Description - New Terror, New Wars by Prof Paul Gilbert
The "Contemporary Ethical Debates" series looks at the most pressing ethical concerns confronting human beings at the beginning of the 21st century. This a philosophical treatment of the recent wave of armed conflicts around the world and the dangers they represent. It tackles some of the pressing questions such as: are there universally acceptable principles for determining the justice of political claims made by national, ethnic and religious groups and for dealing with the conflicts they may cause? Or are we plunged into a world where contending cultures cannot accept common standards for establishing peaceful co-existence? Can we adopt an ethical outlook on the conduct of hostilities and the resolution of armed conflict? Or has "September 11th" changed the moral landscape unrecognizably? The book examines the ethical status of national and ethnic groups and assesses their claims.
It discusses: the causes of new wars; the nature of cultural conflict; which groups have a right to secede from their state; when armed force in pursuit of independence is justified; whether "Just War Theory" is adequate for assessing and regulating contemporary conflicts; how external intervention or assistance can help or hinder; and what the shape of a 21st-century world that both respects cultural differences and achieves peace should be. Topical and interdisciplinary in scope, the book draws on examples from Eastern Europe, the Middle East, Africa and elsewhere. This volume should appeal especially to students and general readers in philosophy, politics, law and international relations.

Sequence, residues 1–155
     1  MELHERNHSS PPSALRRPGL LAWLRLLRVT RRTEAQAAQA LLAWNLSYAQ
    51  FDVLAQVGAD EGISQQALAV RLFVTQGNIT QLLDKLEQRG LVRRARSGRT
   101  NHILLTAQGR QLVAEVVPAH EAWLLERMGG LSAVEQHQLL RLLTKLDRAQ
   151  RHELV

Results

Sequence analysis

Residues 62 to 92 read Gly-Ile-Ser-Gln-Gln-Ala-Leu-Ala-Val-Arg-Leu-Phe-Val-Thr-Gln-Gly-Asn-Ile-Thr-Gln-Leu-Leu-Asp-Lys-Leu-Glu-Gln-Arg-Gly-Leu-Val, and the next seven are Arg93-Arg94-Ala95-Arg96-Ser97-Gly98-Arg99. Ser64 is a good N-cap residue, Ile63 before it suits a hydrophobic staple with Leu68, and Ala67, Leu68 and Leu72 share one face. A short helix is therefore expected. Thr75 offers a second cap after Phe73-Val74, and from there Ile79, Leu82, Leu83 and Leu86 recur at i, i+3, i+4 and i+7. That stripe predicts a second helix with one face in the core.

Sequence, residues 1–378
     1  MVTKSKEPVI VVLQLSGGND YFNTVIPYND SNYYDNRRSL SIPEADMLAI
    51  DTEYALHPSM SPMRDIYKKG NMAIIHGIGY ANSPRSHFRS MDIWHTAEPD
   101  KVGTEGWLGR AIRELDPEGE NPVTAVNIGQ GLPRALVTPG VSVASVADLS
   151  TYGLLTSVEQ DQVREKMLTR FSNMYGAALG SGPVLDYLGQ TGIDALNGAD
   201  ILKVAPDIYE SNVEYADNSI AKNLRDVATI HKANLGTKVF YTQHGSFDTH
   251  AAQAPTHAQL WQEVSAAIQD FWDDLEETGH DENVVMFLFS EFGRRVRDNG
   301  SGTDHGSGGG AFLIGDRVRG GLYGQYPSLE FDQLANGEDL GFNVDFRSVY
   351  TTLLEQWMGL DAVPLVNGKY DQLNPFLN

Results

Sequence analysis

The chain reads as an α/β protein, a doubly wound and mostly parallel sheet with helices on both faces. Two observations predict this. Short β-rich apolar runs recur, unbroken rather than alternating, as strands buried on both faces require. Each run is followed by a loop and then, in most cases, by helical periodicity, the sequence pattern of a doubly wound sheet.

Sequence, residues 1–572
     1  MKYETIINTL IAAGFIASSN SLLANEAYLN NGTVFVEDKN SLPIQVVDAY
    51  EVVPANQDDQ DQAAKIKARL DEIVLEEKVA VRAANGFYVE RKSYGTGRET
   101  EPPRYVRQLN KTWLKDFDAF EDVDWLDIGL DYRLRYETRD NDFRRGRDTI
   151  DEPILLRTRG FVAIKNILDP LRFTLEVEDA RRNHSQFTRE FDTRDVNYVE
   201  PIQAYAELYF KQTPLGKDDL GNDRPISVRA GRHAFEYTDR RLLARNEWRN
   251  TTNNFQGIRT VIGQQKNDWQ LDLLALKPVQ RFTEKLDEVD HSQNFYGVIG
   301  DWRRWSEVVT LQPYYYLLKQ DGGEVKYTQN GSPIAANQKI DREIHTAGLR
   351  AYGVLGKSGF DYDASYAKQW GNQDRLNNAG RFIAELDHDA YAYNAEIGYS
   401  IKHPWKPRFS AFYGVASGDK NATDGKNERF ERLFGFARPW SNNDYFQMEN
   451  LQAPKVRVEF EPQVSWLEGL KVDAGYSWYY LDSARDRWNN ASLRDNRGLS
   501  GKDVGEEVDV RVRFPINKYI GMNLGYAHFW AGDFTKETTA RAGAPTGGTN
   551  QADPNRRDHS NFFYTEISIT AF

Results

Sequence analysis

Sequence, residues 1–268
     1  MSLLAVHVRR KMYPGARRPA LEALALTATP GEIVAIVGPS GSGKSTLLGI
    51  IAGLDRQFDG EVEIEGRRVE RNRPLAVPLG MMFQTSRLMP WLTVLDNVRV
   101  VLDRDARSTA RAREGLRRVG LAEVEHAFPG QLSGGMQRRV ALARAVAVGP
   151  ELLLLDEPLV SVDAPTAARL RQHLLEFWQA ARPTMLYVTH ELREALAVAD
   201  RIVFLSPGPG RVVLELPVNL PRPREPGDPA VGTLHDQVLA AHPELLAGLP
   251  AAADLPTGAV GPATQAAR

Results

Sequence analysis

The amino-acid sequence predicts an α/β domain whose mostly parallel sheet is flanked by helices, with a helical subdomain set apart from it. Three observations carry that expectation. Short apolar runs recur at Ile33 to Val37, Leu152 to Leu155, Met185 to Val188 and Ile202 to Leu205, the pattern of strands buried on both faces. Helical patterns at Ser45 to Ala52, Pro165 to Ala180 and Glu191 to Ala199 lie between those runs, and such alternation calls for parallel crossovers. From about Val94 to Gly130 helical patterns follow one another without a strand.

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(216mm x 138mm x 22mm)
Edinburgh University Press
Publisher: Edinburgh University Press
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Book Reviews - New Terror, New Wars by Prof Paul Gilbert
Author Biography - Prof Paul Gilbert
Paul Gilbert is Emeritus Professor of Philosophy at the University of Hull. His previous books include The World, the Flesh and the Subject (with Kathleen Lennon, 2005), New Terror, New Wars (2003), Peoples, Cultures and Nations in Political Philosophy (2000), The Philosophy of Nationalism (1998), Terrorism, Security and Nationality (1994), and Human Relationships (1991).